Do molecular mechanisms vary across species?

No Sex Required By Edyta Zielinska | November 19, 2012

An all-female species, distantly related to flatworms, steals all of genetic material it needs to diversify its genome.

Excerpt: “Although it’s unclear how the microscopic organisms acquire the foreign DNA, it appears that they adopt many of the functions encoded within.”

My comment: From Kohl (2012) : “Among different bacterial species existing in similar environments, DNA uptake (Palchevskiy & Finkel, 2009) appears to have epigenetically ‘fed’ interspecies methylation and speciation via conjugation (Fall et al., 2007; Finkel & Kolter, 2001; Friso & Choi, 2002). This indicates that reproduction began with an active nutrient uptake mechanism in heterospecifics and that the mechanism evolved to become symbiogenesis in the conspecifics of asexual organisms (Margulis, 1998).”

If, acquisition of foreign DNA is not a receptor-mediated event consistent with nutrient chemical uptake in other species (referenced above), how could asexual reproduction be controlled by the epigenetic effects of nutrient chemicals and pheromones. That control is required in all species (to avoid out-reproducing the nutrient chemical supply in the ecological niche required for social niche construction)?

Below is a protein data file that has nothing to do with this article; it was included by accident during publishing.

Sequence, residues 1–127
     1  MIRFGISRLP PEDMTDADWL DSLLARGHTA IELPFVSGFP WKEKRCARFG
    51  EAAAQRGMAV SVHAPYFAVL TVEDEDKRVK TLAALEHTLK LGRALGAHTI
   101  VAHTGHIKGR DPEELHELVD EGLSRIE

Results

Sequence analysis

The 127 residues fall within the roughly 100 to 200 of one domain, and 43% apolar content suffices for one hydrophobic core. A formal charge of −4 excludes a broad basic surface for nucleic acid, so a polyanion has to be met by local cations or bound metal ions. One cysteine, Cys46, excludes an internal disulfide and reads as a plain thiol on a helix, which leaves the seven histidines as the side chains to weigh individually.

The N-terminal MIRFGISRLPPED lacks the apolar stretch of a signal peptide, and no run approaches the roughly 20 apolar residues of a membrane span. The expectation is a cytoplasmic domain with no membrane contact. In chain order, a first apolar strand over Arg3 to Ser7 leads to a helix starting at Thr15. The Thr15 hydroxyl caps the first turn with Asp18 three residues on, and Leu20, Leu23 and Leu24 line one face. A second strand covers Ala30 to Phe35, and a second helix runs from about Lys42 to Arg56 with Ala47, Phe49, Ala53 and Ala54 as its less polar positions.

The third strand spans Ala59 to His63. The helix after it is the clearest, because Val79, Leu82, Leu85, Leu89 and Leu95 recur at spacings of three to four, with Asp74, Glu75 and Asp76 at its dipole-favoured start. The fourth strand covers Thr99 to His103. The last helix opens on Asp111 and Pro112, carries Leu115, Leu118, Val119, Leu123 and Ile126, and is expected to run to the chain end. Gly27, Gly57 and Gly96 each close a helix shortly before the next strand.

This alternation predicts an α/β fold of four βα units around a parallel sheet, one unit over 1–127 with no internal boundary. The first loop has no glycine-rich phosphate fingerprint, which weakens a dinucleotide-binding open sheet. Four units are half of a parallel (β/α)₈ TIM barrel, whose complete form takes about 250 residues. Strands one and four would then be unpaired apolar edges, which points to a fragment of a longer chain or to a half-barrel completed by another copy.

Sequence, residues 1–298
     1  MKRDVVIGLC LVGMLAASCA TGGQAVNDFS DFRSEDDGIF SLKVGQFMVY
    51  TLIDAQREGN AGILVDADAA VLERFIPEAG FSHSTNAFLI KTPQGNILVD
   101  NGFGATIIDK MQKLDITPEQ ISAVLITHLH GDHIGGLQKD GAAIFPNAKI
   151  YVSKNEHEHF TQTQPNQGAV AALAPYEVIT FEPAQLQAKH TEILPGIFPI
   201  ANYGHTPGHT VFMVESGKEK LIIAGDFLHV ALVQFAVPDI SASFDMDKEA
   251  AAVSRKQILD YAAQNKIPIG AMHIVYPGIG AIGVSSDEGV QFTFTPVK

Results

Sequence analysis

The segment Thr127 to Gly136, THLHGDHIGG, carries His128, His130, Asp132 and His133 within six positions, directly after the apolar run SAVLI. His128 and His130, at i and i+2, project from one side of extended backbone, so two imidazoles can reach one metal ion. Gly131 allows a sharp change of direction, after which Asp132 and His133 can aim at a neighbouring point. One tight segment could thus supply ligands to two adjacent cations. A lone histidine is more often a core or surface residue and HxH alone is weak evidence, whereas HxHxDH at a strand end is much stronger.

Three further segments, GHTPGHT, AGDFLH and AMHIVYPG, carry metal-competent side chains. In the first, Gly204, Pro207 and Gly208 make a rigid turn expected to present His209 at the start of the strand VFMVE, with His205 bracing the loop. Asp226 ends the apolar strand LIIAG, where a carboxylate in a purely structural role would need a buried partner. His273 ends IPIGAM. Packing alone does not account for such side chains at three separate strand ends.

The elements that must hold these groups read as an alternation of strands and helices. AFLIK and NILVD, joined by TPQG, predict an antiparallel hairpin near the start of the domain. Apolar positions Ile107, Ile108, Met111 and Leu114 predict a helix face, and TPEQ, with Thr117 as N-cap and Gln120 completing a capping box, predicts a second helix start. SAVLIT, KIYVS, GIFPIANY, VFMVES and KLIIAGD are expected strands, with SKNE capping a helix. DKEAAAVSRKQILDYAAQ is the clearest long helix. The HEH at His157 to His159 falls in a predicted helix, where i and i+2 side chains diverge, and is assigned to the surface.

Do the molecular mechanisms in rotifers vary from those known to be required for adaptive evolution of the neurogenic and socio-cognitive niches that enable organisms with neurons and a central nervous system to find food and and to distinguish it from their conspecifics. Clearly, conspecifics would probably not appreciate being ingested any more than heterospecifics appreciate being eaten to support the nutrient chemical needs of other species that metabolize the heterospecific DNA to pheromones that ensure survival of the fittest in species from microbes to man.  But that’s “Nature, red in tooth and claw.” — Lord Tennyson, even in microbial species with no teeth and no claws. Isn’t it?

What’s unclear about how the microscopic organisms acquire the foreign DNA? Did they find eating their heterospecifics to be distasteful? Other species express de novo receptors for chemicals that appear to determine whether or not they eat their neighbors. If rotifers don’t, is there a model for that?





Author: James Kohl

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